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Alys Harwood Storyteller Recalling Fire.JPG

Alys Harwood – Storyteller and elder

I came late to storytelling. But still, I’m a seasoned old woman and that is a good place to be on this earth.

Stories give us options. We get to try out what it is to be something wildly different and at the same time freakishly familiar. We are taken into the dark to squint sideways at things far beyond our everyday habitat. Stories give proper heft to our trials and griefs and adventures. We have to work to harvest meanings, each visit yields a different return, and we are the better for the effort. Stories open faults in our consciousness and then nature crowds in and takes a foothold and suddenly it’s all different.

It’s a rainy time of year. Let’s lift up our faces, the water pooling in our eye sockets, dripping into our ears, trickling down our necks, and drink deep. All this beauty given to us, unearned. 

Alex, Recalling Fire wilderness guide at Outland by Ryan Mackfall.png

Alex Tighe – Guide

Thanks to myth, dormant, misunderstood, forgotten and disregarded parts of my life have a voice, a character, a home and a story to guide them. I feel beyond fortunate to merge two tracks I have been following over the past decade.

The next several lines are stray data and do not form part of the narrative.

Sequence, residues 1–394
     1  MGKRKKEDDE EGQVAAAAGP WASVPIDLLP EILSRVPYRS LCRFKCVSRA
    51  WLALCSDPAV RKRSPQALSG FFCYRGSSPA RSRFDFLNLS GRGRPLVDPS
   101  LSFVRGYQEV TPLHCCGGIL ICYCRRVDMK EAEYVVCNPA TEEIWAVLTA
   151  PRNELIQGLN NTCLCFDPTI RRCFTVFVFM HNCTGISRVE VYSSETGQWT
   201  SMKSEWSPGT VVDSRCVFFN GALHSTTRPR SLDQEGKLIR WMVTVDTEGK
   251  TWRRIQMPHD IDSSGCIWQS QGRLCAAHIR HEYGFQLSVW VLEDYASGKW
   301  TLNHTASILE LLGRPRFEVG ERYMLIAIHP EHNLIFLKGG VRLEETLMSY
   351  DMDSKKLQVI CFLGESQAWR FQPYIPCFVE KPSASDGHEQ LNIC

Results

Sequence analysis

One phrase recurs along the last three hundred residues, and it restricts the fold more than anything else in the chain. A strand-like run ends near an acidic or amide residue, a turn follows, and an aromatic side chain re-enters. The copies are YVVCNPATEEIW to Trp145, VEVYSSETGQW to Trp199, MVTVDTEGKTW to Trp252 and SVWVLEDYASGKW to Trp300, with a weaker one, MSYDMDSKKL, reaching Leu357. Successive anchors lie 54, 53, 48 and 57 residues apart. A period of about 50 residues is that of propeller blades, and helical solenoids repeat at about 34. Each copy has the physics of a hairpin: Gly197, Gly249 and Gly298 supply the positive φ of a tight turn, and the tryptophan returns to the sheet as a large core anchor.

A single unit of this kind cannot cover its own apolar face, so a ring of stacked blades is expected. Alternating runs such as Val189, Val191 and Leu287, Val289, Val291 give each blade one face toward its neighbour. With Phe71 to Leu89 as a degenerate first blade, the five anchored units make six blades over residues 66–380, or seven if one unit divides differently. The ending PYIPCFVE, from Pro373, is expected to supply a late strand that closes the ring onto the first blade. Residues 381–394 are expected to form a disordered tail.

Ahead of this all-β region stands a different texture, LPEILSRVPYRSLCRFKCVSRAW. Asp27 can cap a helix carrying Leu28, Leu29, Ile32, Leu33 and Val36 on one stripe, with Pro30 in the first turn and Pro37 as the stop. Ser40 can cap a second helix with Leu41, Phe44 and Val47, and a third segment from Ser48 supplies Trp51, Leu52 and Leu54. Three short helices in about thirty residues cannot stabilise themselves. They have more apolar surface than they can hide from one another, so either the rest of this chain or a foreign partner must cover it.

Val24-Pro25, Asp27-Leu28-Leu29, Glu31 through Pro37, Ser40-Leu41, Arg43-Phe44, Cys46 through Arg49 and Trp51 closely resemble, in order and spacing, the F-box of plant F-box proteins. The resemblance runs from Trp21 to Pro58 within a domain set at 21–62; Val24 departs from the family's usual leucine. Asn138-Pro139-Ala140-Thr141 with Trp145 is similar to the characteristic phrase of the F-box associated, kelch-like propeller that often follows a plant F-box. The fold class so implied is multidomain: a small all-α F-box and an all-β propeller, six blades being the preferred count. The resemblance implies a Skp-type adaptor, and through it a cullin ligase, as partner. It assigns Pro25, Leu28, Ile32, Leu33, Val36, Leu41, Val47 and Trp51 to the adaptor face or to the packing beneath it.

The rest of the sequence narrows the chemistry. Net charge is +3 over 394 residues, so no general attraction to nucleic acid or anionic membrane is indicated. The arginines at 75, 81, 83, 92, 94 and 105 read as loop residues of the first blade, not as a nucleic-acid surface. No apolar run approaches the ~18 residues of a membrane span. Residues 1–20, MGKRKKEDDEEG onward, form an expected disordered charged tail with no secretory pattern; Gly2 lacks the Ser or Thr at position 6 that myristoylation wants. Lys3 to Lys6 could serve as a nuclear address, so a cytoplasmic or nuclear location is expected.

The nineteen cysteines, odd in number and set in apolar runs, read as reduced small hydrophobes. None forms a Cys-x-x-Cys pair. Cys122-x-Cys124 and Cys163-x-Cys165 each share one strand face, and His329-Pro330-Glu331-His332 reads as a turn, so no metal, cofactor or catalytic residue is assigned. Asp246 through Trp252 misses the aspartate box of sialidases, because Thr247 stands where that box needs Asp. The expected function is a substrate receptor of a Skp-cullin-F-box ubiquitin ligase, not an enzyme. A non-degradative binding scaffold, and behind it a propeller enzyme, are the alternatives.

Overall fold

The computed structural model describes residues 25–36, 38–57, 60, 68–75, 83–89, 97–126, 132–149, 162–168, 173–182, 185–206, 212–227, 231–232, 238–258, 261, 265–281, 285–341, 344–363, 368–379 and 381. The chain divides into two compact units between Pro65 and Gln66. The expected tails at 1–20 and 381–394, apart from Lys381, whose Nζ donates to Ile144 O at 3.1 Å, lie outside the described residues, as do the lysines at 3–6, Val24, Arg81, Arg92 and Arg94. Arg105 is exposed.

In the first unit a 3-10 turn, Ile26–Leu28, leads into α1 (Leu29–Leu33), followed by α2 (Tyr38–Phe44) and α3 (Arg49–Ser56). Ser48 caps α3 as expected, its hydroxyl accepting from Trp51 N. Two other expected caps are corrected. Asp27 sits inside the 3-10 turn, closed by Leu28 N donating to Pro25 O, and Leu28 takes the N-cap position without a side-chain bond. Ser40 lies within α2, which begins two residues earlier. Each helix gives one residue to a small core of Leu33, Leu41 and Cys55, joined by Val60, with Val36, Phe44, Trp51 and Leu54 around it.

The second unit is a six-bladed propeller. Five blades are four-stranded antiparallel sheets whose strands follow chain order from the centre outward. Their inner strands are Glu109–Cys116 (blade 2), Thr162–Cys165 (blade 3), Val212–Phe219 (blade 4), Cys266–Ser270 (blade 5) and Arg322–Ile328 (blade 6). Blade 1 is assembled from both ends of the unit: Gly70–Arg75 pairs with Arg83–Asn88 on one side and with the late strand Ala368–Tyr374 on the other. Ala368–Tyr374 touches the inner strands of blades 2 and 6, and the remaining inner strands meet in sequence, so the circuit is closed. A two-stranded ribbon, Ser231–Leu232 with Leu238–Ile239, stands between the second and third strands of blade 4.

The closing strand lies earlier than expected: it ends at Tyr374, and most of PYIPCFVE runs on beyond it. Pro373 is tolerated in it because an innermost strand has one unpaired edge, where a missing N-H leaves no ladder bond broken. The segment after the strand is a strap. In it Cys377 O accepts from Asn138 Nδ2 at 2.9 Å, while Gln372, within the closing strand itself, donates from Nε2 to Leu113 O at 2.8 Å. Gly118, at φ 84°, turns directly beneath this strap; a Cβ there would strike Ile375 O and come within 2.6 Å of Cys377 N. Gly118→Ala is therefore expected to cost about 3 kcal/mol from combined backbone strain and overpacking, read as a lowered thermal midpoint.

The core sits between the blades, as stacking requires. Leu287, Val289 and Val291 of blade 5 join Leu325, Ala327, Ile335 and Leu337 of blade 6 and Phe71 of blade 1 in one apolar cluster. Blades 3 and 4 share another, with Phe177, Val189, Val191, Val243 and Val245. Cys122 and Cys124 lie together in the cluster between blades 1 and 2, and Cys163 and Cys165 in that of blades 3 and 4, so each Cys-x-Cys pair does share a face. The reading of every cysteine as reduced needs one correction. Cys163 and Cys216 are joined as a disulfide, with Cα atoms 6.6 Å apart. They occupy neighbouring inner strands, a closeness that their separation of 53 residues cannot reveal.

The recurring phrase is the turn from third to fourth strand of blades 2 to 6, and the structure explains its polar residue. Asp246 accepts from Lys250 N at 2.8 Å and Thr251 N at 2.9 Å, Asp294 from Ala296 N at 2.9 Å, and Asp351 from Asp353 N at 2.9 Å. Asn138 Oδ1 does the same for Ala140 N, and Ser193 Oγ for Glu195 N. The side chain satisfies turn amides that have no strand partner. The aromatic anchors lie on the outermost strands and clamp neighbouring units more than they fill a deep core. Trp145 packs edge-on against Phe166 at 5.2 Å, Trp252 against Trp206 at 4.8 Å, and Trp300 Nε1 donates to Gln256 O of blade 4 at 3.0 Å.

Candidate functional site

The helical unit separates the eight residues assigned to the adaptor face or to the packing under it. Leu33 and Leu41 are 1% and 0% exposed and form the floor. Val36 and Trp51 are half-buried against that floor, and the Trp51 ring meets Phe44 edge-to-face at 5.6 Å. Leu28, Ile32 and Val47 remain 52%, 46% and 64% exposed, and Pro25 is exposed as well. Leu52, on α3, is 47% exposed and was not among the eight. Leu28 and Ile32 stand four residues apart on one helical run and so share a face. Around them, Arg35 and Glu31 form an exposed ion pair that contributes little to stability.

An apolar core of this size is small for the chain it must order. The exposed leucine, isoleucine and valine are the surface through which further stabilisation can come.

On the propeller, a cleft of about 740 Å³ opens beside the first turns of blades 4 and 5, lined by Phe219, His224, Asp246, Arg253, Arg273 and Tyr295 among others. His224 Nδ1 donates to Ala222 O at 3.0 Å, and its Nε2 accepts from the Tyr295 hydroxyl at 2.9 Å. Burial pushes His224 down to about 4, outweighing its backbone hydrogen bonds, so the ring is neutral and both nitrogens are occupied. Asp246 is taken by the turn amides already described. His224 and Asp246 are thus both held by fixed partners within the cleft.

Outdoor leadership, education and facilitation. As an outdoor facilitator I have worked alongside young people, adults and families in Cornwall, Cumbria and Wales. At the heart of everything I do, is a belief that we have all the answers inside us. All the wisdom we require to move our lives in it’s own direction, with a sense of intention, curiosity and joy, lie under a rock, behind an open door, at the top of a beanstalk, in a flute at the bottom of a well.


More recently exploring the scape of mythopoetic perspective of self and place.  For me, it was discovering Robert Bly, Robert Moore, Clarissa Pinkola-Estes, which led in-part to a chance meeting with Sam, the work of Martin Shaw and the Westcountry School of Myth; and it leads away over the horizon.


Myth, folklore, poetry and the places from which they seep allow us to feel our way around in our unlit selves, finding candles along the way. To me, there is no better path to be on.


Sam Crosby – Storyteller

The stories tell us we are made by descending into deep water. Down there. The underworld.

In 2019 my family was broadsided. Our newborn boy, Patch, was diagnosed with a profound brain disorder. It wrecked my prideful ego and sent me down to kneel on the ocean floor. I’m still processing the reality of life with a disabled son, but I can tell you I am more fulfilled than ever before.


This world is darkness and light. We are not in control. Never will be. And there is beauty in the chaos.


I believe we'll never truly ‘understand’ life. Rationale and science can be leaky ships for these high seas. But, if our deliverance is in the deepest, darkest waters, we don't have to keep bailing them out. We can go down. Once in a while... we must.

Feelings, trust, love – the stuff of story – will guide us on.

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